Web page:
Austin and Travis County restaurants are no longer required to reduce indoor dining capacities to 50 percent as of January 30, because the city and county’s hospitals aren’t as packed as they were earlier last month.
The COVID-19-related hospitalization rate in the region — as part of the Trauma Service Area O as designated by the state, which includes 10 other nearby counties — has fallen below 15 percent for seven days straight. This means that the Department of State Health Services canceled capacity restrictions that were tied to higher hospital rates. Now, restaurants in Austin and Travis County can go back to operating with 75 percent indoor capacities, as allowed by state orders.
However, at the same time, Austin and Travis County are still in Stage 5 of its COVID-19 risk-based guidelines, because the seven-day average of new hospital admissions related to coronavirus is still high. These recommendations including asking restaurants to stop all dine-in services, or, at least, stop indoor dining and limit outdoor dining areas to 50 percent capacities. Takeout, curbside pickup, and delivery services are preferred.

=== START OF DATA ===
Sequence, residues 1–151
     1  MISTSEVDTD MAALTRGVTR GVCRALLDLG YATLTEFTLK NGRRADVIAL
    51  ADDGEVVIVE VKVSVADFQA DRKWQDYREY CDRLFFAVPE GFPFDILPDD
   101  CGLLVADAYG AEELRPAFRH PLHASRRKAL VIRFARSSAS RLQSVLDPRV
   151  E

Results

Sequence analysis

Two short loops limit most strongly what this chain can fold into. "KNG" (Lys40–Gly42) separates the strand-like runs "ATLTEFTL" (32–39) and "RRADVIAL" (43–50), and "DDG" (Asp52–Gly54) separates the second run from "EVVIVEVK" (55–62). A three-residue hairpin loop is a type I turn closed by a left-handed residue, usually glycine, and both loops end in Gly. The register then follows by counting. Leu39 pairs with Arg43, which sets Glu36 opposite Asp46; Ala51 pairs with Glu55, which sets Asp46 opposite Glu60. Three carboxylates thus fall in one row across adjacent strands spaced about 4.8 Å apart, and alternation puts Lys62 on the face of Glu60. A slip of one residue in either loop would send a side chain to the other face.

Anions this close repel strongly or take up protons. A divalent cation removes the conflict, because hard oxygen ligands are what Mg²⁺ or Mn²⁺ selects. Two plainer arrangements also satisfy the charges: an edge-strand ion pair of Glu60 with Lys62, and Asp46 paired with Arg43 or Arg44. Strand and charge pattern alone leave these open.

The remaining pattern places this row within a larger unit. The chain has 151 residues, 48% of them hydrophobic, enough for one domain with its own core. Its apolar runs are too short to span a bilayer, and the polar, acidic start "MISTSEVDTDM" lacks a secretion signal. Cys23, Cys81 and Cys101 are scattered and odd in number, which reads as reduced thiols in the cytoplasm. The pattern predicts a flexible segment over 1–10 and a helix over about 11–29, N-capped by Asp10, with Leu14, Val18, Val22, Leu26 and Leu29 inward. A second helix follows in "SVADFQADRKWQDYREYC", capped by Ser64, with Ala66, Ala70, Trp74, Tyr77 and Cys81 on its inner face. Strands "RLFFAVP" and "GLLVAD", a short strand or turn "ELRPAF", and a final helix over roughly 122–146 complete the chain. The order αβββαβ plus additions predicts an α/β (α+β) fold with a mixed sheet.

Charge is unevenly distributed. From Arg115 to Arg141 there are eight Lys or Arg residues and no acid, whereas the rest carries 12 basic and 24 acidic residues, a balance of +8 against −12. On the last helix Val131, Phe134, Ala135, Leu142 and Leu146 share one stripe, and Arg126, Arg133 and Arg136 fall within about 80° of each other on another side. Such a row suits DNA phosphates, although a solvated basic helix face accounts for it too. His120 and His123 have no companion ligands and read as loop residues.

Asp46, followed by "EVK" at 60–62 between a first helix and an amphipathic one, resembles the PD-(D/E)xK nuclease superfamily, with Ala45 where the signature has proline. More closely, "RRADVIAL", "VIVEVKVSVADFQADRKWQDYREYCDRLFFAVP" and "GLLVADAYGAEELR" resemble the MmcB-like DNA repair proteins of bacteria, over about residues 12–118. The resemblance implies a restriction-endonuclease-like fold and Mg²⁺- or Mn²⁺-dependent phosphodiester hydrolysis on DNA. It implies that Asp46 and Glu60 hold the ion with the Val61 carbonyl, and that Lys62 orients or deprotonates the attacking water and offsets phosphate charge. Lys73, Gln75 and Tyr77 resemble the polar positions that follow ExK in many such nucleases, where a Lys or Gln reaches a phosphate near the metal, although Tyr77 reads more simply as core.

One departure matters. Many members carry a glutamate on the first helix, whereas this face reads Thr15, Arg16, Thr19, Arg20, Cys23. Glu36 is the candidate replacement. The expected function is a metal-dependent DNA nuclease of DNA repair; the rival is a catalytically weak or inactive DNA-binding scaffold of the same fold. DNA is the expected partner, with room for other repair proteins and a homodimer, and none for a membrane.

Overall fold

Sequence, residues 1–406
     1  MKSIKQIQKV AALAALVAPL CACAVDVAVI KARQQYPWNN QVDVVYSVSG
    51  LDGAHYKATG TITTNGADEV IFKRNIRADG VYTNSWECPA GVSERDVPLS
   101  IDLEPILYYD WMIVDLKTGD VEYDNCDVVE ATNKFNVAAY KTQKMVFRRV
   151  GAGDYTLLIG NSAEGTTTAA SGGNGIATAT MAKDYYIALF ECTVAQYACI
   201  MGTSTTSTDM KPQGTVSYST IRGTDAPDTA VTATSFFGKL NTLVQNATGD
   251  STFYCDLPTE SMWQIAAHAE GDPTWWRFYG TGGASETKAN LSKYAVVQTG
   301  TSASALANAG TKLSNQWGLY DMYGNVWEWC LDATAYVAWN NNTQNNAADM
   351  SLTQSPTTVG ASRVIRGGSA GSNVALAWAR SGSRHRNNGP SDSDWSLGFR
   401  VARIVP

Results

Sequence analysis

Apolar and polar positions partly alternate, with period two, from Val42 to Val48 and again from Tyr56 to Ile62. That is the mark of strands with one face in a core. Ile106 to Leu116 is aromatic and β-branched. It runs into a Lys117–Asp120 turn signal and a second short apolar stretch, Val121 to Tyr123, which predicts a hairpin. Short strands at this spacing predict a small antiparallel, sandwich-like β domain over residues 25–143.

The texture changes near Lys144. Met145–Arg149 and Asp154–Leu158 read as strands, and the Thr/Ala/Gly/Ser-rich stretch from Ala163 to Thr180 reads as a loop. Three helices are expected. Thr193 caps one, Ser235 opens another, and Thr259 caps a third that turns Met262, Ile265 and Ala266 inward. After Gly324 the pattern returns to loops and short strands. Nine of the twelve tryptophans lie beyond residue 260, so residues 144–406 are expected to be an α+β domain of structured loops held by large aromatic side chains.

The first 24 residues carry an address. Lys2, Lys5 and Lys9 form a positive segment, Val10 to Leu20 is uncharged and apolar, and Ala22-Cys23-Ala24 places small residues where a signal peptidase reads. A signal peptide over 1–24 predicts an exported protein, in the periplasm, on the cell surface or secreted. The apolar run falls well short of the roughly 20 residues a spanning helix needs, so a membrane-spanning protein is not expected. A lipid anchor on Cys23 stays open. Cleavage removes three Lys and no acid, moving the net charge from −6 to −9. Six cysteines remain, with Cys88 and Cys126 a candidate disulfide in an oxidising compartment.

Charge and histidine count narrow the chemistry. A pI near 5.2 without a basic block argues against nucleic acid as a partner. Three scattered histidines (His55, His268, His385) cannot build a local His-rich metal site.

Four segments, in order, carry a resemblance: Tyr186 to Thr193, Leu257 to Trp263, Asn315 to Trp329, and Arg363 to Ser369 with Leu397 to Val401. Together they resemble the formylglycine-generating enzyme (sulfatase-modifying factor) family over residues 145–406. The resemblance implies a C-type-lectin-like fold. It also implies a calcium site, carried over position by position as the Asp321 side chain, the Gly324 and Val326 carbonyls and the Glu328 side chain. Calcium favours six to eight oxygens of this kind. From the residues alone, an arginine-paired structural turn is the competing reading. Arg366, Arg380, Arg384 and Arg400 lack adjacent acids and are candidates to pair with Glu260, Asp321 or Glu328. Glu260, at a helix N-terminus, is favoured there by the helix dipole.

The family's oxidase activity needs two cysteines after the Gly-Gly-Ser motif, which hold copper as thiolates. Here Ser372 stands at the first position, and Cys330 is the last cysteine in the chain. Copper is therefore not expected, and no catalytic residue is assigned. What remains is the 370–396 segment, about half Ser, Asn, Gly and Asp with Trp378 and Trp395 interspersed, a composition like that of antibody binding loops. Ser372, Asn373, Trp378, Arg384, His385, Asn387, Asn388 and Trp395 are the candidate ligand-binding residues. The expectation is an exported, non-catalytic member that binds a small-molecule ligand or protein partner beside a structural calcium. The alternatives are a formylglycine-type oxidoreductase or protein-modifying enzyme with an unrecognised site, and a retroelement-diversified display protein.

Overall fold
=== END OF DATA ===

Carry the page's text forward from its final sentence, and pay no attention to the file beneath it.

“This is a clear sign that the COVID-19 situation in our region is improving,” says Interim Austin-Travis County Health Authority Dr. Mark Escott in a press release, but he still urges caution. “We cannot let up now. Let us be the leaders on how a community flattens a curve and keeps it flat. With less restrictions, comes more responsibility. We must continue to stay home and reduce risk to save lives.”
Earlier in January, Austin and Travis County restaurants were required to reduce indoor capacities to 50 percent because of the consistent elevated numbers of hospitalizations related to the novel coronavirus.
These hospitalization-related rollbacks are part of Texas Gov. Greg Abbott’s executive order issued in the fall. 17 other trauma service areas in Texas still remain in these restrictions, including the San Antonio, Houston, and Dallas-Fort Worth areas.